A couple of weeks ago, Mustang High School suspended some students for being high, not on your workaday physical drugs, but rather on “digital drugs”. These “drugs” are mp3 files that play a specific tone in both ears, supposedly “entraining” your brain waves to a specific frequency. You might remember this concept from the lawnmower man-esque helmet consoles sold by The Sharper Image in the nineties that played binaural beats mixed with backwards masked messages about quitting smoking. No doubt a large team of highly qualified neurologists in a bunker somewhere have isolated the brain wave patterns of people on, say, crystal meth, and have carefully crafted mp3s to put you in the same mental state.
The State Bureau of Narcotics was quick to issue a warning about the potential “slippery slope” from these “digital drugs” to actual drugs. (It’s always nice when people mention the logical fallacy they’re engaging in by name). You may have read about it in The Oklahoman, or in a piece in Slate’s “Bogus Trend Watch”.
Setting aside for the moment the fact that anyone who is scouring the internet for ways to get high via mp3 has probably already slipped or sledded down the slippery slope, the whole thing smacked of needless fear-mongering. Having little else to do and seeing the potential to selflessly perform a public service, I decided to score some low frequency tones.
In the interest of science, I picked 4 “drugs” to test. I then laid down on the couch in the dark as directed. After each file I wrote down on a piece of paper the effects I was feeling, and then after the test matched them to the name of the substance I was supposedly in the thrall of.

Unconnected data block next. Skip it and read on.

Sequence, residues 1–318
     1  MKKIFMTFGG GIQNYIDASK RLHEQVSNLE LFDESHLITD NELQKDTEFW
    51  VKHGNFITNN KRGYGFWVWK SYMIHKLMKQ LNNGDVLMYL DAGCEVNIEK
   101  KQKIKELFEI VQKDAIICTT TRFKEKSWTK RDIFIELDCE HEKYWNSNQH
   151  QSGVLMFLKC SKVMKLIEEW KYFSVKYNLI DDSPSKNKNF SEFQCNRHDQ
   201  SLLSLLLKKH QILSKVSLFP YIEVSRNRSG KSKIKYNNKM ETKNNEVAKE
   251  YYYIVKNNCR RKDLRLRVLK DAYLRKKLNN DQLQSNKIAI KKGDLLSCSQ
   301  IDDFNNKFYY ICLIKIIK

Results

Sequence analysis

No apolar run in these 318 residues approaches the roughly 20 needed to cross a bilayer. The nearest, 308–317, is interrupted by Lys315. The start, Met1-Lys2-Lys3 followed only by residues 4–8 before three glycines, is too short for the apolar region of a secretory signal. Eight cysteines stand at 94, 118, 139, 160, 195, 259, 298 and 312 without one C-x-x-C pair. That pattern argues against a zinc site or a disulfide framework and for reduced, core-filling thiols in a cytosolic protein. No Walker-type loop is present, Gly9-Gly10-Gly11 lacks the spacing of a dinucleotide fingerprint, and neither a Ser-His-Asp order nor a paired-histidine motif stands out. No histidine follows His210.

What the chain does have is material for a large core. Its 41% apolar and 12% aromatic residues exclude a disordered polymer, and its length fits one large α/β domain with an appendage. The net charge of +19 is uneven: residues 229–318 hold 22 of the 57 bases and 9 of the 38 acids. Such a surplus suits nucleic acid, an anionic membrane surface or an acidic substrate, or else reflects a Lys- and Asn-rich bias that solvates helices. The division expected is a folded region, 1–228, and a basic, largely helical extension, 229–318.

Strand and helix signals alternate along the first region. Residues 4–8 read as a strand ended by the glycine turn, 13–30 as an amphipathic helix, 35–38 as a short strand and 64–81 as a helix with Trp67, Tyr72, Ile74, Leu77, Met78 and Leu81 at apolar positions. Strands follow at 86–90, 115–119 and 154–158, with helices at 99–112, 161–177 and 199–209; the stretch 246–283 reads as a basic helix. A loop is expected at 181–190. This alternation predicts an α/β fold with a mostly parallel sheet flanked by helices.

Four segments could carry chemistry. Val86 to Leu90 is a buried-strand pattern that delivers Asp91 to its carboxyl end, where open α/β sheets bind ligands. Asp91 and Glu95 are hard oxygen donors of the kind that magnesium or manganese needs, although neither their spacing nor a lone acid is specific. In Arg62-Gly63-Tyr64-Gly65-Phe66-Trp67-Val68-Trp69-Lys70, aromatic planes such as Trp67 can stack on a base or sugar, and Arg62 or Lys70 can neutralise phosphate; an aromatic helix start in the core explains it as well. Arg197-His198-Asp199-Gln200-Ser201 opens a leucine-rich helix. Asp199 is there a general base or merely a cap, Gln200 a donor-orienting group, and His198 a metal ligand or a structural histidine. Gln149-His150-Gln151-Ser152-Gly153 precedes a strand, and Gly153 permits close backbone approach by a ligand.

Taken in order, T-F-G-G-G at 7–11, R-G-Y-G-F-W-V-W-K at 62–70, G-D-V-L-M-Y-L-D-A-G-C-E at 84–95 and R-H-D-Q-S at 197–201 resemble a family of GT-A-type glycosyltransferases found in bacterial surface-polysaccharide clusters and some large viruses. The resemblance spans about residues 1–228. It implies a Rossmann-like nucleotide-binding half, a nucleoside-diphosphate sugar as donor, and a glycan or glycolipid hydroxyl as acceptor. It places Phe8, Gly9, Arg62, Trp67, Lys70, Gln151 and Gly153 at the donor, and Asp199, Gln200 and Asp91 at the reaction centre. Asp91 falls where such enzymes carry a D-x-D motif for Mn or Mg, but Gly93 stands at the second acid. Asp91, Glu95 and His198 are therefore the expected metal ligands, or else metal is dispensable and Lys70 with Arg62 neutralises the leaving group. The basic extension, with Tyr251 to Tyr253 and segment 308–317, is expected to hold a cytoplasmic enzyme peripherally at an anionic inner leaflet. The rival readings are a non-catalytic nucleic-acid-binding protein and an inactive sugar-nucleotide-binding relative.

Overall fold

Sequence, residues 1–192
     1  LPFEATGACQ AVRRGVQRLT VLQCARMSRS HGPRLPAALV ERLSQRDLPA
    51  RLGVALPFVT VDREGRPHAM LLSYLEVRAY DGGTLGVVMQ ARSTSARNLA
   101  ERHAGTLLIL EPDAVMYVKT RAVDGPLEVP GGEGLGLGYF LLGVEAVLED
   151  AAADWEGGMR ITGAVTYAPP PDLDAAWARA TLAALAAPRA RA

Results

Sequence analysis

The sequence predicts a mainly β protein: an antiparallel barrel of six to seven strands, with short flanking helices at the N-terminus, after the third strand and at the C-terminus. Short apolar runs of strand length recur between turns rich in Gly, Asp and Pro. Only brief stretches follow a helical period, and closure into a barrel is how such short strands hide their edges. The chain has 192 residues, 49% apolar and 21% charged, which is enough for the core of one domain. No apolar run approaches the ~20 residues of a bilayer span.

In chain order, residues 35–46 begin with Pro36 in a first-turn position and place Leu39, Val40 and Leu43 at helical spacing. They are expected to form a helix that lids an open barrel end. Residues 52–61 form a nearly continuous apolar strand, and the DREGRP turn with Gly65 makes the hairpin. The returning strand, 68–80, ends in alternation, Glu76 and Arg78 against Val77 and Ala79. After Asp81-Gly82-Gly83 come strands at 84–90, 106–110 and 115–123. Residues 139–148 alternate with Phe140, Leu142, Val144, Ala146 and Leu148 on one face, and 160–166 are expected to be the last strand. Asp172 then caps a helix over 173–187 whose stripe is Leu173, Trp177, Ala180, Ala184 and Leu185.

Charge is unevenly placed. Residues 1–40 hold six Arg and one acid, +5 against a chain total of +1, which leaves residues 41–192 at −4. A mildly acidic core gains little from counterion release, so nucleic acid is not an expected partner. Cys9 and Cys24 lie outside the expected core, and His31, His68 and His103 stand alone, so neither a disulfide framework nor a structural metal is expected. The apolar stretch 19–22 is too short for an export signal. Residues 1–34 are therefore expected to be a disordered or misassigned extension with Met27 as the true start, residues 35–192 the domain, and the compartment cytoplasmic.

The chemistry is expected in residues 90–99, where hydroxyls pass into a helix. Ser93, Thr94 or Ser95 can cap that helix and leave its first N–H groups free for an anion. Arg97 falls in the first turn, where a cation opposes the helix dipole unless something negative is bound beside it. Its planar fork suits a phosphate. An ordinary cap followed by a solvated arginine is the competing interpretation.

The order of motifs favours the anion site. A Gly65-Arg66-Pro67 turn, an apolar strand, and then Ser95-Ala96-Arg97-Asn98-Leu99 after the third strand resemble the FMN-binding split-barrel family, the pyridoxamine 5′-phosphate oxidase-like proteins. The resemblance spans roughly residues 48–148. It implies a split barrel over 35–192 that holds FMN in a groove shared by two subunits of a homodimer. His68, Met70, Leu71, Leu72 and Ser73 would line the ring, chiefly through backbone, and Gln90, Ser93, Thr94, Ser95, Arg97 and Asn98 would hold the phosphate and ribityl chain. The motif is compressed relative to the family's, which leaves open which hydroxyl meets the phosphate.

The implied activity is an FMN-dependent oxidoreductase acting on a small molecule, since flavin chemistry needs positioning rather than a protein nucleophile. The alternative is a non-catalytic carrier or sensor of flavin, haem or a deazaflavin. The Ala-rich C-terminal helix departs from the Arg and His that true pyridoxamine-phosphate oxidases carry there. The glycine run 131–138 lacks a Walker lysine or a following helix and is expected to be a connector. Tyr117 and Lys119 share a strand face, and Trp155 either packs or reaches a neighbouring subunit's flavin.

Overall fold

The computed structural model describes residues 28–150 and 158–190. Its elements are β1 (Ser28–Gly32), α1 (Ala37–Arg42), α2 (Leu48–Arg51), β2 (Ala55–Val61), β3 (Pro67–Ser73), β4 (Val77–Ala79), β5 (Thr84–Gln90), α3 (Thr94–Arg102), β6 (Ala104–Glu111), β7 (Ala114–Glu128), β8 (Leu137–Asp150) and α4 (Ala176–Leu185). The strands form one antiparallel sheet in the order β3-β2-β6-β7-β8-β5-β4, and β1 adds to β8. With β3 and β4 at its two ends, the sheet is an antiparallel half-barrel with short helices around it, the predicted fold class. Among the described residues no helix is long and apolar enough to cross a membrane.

The files themselves just sound like white noise; probably the best analogy would be having the hum of a refrigerator piped into your headphones for 40 minutes. A few minutes in, the tone changes. Some have crappy electronic music playing over them, so it sounds like you’ve decided to listen to Hearts of Space and do your laundry at the same time. At first, the whole thing is kind of relaxing. You just sit there half expecting something to happen, slowly getting bored. Around minute 25, if you aren’t bored out of your mind and irritated by the incessant buzzing, you may well be under the influence. After several hours of rigourous testing, here are the results:
Substance one: “Kinda sleepy”- marajuana
Substance two: “drowsy, sinus pressure”- oxycontin
substance three: “annoyed, drowsy”- exstacy
substance four: “skeptical, drowsy”- cocaine
Of course, for this to be a truly scientific test, I would have to do a control test with the actual drugs in question, which is really way out of my price range. I suppose it’s possible that other people can get actual effects and I can’t, or that I would react in the same way to the actual substances in question, but I really doubt it. The sleep inducing powers of cocaine are not well documented. It seems much more likely that “binaural entrainment” is one of those things that only works if you believe in it, like religion and cognitive behavioral therapy.
If there’s a slippery slope here, I think it’s probably from “digital drugs” to ambient new age music, or from being a huge pothead to being a huge pothead who just wasted money on pretend drugs. Of course, I don’t expect this to stop the state legislature (which never lets a moral panic go to waste) from making us the first state in the nation to outlaw the placebo effect.
I’m strongly opposed to the purchase of drugs and even more strongly opposed to the purchase of crappy drugs, so I won’t link to the purveyors of this system. If you really want to give it a shot, just google “binaural beats +drugs”.
But really folks. Just say no.